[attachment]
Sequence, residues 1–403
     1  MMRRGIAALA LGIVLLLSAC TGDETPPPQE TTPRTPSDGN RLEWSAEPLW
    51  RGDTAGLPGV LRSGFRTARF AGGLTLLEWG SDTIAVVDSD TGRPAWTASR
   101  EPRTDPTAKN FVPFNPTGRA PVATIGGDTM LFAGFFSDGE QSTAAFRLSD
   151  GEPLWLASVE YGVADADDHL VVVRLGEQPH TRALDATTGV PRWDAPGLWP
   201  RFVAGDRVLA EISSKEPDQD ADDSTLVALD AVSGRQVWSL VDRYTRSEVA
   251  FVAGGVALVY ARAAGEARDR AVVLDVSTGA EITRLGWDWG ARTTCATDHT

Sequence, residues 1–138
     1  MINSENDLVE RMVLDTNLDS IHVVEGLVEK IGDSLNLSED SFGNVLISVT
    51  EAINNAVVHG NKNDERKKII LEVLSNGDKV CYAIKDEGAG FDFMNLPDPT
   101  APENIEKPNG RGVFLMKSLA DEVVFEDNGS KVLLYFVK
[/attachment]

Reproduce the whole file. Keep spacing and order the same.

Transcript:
Sequence, residues 1–403
     1  MMRRGIAALA LGIVLLLSAC TGDETPPPQE TTPRTPSDGN RLEWSAEPLW
    51  RGDTAGLPGV LRSGFRTARF AGGLTLLEWG SDTIAVVDSD TGRPAWTASR
   101  EPRTDPTAKN FVPFNPTGRA PVATIGGDTM LFAGFFSDGE QSTAAFRLSD
   151  GEPLWLASVE YGVADADDHL VVVRLGEQPH TRALDATTGV PRWDAPGLWP
   201  RFVAGDRVLA EISSKEPDQD ADDSTLVALD AVSGRQVWSL VDRYTRSEVA
   251  FVAGGVALVY ARAAGEARDR AVVLDVSTGA EITRLGWDWG ARTTCATDHT

Sequence, residues 1–138
     1  MINSENDLVE RMVLDTNLDS IHVVEGLVEK IGDSLNLSED SFGNVLISVT
    51  EAINNAVVHG NKNDERKKII LEVLSNGDKV CYAIKDEGAG FDFMNLPDPT
   101  APENIEKPNG RGVFLMKSLA DEVVFEDNGS KVLLYFVK